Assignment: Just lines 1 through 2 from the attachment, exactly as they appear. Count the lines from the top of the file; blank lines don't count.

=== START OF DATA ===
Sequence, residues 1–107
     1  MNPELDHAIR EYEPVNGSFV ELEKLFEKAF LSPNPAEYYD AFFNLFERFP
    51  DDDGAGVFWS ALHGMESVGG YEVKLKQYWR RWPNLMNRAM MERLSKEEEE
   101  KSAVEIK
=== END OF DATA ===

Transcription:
Sequence, residues 1–107
     1  MNPELDHAIR EYEPVNGSFV ELEKLFEKAF LSPNPAEYYD AFFNLFERFP